Recently opened at the PS1 division of MoMA is Ryan Trecartin’s new video installation: Any Ever.  The show consisted of the artist’s 2007 – 2010 body of work, produced in Miami with Lizzie Fitch, the artist’s longtime collaborator.  Trecartin is a Houston native who graduated from RISD in 2004, and has since gone on to receive multiple awards and has been in numerous shows, including the 2006 Whitney Biennial, the Younger Than Jesus show at the New Museum in New York, and solo exhibitions at the Power Plant in Toronto and MOCA in Los Angeles.

Trecartin is a visual mastermind when it comes to condensing and representing the influence of technology in the day to day lives of the majority of the first world.  His work creates an ADHD paradise where discursive thought processes become hyper shortened, reflecting how our phenomenological understanding has transmogrified since technology’s inception.

Images and text and sound and time: nothing isn’t disorienting in his work, and this hyper-culture that is created serves a double duty – it shows technology’s capabilities in video art and editing, it also makes me fear for my life.  Trecartin creates turbulent webs consisting of memes and pop culture references that are punctuated by larger questions of gender identity, cultural and racial stereotypes, and the problematic nature of the current job market.

Each cleverly layered frame (literally – he uses transparency and overlays in editing like his life depends on it) works to build a universe that is questioning what our values have become, what is worthwhile to us as a species, and how we externalize thoughts and feelings in a world where direct human contact is quickly losing importance.

Any Ever consists of 6 videos of varying lengths in 6 separate rooms, each decked out in strange and incongruous mixtures of commonplace household items and other rather odd groupings of items that we commonly associate with middle-to-upper class living.  Example:  a room of white leather Ikea chairs, 1 hammock, and a centrally located metal picnic bench, all surrounded by large zipped up luggage bags.  Each ‘seat’ has a pair of headphones attached, where the sound to the video plays at a volume level just a couple notches above comfortable.  The whole experience is beyond disorienting (I had to take a break in the middle and come back to finish the last three videos), and this is further substantiated by Trecartin’s extensive exploration of the fuzzy areas between gender, race, and ethnicity.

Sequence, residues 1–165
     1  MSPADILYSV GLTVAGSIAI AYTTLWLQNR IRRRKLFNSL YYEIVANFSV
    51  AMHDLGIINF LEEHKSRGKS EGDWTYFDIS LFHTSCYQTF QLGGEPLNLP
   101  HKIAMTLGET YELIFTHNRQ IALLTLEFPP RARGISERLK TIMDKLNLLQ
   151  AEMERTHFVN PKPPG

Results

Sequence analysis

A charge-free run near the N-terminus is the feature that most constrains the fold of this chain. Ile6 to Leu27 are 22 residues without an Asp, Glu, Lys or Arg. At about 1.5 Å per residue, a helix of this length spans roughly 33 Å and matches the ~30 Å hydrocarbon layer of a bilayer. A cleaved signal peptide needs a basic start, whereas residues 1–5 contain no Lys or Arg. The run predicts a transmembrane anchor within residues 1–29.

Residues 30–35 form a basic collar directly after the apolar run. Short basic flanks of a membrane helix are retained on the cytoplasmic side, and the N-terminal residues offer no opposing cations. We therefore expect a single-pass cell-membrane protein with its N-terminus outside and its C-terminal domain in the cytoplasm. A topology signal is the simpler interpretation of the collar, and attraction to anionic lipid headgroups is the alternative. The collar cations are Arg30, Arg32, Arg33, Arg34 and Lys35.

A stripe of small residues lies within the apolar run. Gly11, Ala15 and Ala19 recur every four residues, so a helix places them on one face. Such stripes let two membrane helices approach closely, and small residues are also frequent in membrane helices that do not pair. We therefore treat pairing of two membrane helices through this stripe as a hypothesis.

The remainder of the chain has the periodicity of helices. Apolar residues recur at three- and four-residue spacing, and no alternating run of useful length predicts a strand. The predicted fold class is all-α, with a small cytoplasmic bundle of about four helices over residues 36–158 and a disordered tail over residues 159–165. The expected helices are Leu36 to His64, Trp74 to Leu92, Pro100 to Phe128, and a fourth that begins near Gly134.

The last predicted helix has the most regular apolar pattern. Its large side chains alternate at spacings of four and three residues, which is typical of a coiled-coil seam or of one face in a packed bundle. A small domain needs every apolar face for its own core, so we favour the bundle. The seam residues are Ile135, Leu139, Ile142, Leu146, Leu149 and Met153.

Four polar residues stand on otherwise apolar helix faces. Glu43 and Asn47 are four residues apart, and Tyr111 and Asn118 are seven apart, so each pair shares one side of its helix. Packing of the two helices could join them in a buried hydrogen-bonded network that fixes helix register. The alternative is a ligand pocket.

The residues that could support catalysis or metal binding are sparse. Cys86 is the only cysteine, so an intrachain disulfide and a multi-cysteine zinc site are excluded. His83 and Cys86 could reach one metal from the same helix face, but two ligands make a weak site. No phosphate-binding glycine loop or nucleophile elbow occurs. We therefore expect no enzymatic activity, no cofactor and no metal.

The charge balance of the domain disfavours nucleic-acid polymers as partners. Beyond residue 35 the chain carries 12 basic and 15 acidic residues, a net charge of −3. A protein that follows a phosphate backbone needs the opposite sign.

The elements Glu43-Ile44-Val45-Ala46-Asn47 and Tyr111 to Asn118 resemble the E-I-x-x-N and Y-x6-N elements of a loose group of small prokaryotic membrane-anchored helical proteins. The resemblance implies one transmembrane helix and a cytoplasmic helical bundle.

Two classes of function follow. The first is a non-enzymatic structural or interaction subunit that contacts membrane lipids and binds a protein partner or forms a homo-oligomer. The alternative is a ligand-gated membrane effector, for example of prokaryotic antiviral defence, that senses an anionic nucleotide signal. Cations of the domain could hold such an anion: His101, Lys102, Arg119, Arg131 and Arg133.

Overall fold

Despite the silliness and entertaining nature of many of these videos, each is so over the top it does not fail to question issues of a graver nature.  The artist does not shy from macabre and unflattering depictions of humanity, and his disjointed and frenetic chopped and screwed narratives hold your attention just long enough to make you fear for your future.

The show will be up at PS1 MoMA, located in Long Island City, until the 3rd of September.   Watch more clips on Trecartin’s Vimeo Channel.

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